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How will the IP world respond to the rise of AI?

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José Carlos Erdozain of PONS IP analyses the IP challenges raised by AI, looking at what AI seeks to do, how it can be used in the patenting process, how easily it can be protected and whether it should be considered an inventor

One of most challenging discussions in the field of exclusive rights is how artificial intelligence (AI) is impacting on the assessment of those rights. Particularly in the realm of patents and copyright works, experts wonder if AI is likely to alter some of the most fundamental pillars of exclusive rights. Think just for a moment about the fulfilment of the novelty and non-obviousness requirements (basic issues connected to patents) or the authorship of machines or robots in relation to literary or artistic works or even performances, not to mention the ethical consequences of the use of AI.

What is AI?

The concept of AI takes us to a reality other than just a computerised routine. AI takes us to machines that mimic cognitive functions normally associated with human minds. Even if we go further and think of deep or advanced AI, the fact is that AI engineers work hard to evoke human feeling and to imitate human characteristics such as love, sense of humour, wrath, mercy, a sense of justice, and above all abstract reasoning.

Human behaviour is achieved thanks to extremely complicated software routines and artificial nets. As a result, in many people's view, AI is really associated with technical or technological procedures that mimic human beings and with the computerisation of code source based on previously programmed reactions, which run as specific external causes appear.

Can a feeling be programmed?

Can a human feeling be programmed? If so, would it not be just an automatic technological routine (for example, when identifying a smile in a child, the reaction must also be that of a smile)? We may agree that the response of AI to an external stimulation may be programmed before, but in the same way that human beings have also been educated.

The difference between a pre-programmed mimetic response, and a spontaneous human reaction is the key to upgrading the status of androids or robots and, eventually, to establishing a rule of law that they also deserve rights.

The difference is an AI programmed with a number of pre-established responses, but with the capacity to learn and deduct by itself when faced with external experiences not previously taken into consideration by the human programmer.

Computerisation programming is being achieved nowadays (see IBM Watson or Apple's Siri) and will be probably be standardised in the coming decades.

AI is part of our lives, and in some cases AI-based robots are even like citizens (see, for instance, Deep Knowledge, which is a Japanese company which named a robot as a member of its board of directors in 2014).

How is AI actually impacting on IP rights?

AI is patent subject-matter. This is irrefutable. DeepMind is an example of this, a leading AI research company, which, founded in 2010, was acquired in 2014 by Google.

DeepMind has applied for several (PCT) patents.

The claims of these applications are mainly focused on neuronal nets and the achievement of a similar outcome to rational human thinking, as well as procedures of machine learning.

It is obvious to say that these PCT applications have not been granted yet, as they have not entered into the national phase. However, also unarguable is the fact that DeepMind will not have to fight with the examiners in order to defend the novelty and non-obviousness requirement, especially if the neuronal net seems similar to human beings' neuronal system. This example makes us think about patent rules.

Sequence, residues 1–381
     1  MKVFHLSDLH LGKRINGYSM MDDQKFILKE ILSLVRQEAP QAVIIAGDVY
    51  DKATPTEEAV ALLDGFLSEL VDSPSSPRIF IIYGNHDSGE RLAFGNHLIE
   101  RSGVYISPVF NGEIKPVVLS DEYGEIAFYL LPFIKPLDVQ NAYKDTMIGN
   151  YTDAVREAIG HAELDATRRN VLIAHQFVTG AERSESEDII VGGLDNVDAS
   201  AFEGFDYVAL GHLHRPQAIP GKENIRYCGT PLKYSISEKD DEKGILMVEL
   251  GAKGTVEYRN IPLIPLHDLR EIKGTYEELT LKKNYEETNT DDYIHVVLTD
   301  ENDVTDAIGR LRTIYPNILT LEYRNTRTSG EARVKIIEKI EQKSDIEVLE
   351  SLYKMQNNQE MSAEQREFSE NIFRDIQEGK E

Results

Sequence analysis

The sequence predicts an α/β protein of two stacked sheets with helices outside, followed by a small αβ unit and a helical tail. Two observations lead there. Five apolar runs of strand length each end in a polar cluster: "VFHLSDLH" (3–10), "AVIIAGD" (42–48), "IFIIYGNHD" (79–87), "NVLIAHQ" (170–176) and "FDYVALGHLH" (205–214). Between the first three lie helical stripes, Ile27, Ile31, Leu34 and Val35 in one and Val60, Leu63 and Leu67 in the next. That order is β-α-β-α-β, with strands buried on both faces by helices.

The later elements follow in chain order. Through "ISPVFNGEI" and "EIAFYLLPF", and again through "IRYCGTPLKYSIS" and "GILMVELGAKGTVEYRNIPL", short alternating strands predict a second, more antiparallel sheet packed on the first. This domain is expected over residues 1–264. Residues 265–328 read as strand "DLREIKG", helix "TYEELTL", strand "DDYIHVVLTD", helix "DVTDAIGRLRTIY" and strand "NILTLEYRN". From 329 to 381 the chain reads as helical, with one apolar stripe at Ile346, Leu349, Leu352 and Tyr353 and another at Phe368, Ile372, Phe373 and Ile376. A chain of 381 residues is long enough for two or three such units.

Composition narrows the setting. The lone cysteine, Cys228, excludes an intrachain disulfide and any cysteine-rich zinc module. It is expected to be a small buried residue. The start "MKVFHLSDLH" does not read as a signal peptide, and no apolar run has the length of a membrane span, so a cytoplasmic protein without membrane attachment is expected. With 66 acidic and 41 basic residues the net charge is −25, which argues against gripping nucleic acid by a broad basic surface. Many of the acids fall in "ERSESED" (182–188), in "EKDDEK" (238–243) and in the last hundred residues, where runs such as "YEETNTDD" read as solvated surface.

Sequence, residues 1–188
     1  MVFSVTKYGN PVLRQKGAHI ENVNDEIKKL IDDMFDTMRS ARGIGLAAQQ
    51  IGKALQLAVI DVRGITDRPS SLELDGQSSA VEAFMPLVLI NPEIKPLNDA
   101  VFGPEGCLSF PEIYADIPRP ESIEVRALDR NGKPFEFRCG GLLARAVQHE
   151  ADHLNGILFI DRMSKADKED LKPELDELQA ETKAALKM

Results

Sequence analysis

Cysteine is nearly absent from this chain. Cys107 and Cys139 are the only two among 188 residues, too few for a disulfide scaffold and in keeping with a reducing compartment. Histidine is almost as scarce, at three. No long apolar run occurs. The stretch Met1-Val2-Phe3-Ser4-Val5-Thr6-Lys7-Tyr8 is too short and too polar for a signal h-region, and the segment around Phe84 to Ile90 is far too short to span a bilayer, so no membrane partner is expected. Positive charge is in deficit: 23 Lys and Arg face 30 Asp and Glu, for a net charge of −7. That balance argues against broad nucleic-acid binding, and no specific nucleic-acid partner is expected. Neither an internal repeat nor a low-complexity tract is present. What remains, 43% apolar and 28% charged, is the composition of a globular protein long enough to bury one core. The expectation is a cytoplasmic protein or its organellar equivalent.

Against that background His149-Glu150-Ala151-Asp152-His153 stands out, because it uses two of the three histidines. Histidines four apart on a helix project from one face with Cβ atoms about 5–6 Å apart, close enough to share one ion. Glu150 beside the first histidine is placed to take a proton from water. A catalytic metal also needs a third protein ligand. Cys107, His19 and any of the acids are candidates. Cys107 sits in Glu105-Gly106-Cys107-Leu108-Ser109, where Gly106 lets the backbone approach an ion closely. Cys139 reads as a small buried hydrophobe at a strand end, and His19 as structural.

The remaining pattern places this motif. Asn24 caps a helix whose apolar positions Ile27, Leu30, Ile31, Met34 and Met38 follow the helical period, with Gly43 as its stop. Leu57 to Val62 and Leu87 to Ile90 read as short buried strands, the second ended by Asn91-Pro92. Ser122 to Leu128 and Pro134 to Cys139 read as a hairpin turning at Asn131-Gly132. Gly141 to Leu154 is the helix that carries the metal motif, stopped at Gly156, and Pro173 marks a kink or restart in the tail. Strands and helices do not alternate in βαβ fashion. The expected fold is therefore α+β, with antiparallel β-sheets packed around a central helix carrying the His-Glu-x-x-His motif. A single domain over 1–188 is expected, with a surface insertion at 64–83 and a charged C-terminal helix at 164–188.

It is important not to forget that machine learning systems are not always patent subject matter (at least in the EU and the US). A consistent consensus statement on this should be reached by patent offices, especially when their filters of what is and what is not patentable differ.

However, the fact is that some examples of AI have been patented, like the Creativity Machine developed by Stephen Thaler in 1994, which was capable of generating new ideas through artificial neural networks (US Patent No. 5,852,815, granted in May 1998), and John Koza's invention, based on AI, which was granted a patent in January 2005 (US Patent 6,847,851).

This leads us to the question of what the subject matter eligibility standard for AI is.

US Supreme Court Alice decision doctrine has been interpreted as saying that patent claims whose subject matter can be performed through "an ordinary mental process", "in the human mind" or by "a human using a pen and paper", with the limited exception of claims that specifically provide procedures to achieve technological improvements over tasks previously performed by people (e.g. containing an inventive concept) must be excluded from patent claims.

US courts have already discussed this issue, since they have refused the patentability of AI patents on the grounds that AI patent applications are based on a replication of human thinking. Similarly, see Blue Spike, LLC v. Google, Inc., stating that the intended patent application only had the purpose of covering "an abstract idea long undertaken with the human mind", because the claims sought to model the highly effective ability of humans to identify and recognise a signal on a computer.

Applications for AI patents have been granted in the field of medicine (e.g. by advising on the existence of skin tumours), as well as to help doctors in assessing the correct treatment for cancer. IBM Watson (AI on a computer) successfully diagnosed a woman suffering from leukemia.

Also to be taken into account is Natural Language Processing (NLP), that is, AI algorithms that enable a computer to understand and process human languages, or the Natural Language Searches (NLS), algorithms that identify contents that match topics and machine learning algorithms, a method of data analysis that automatises analytical model building, by using algorithms that iteratively learn from data. Machine learning allows computers to find hidden areas of research without being explicitly programmed to do so.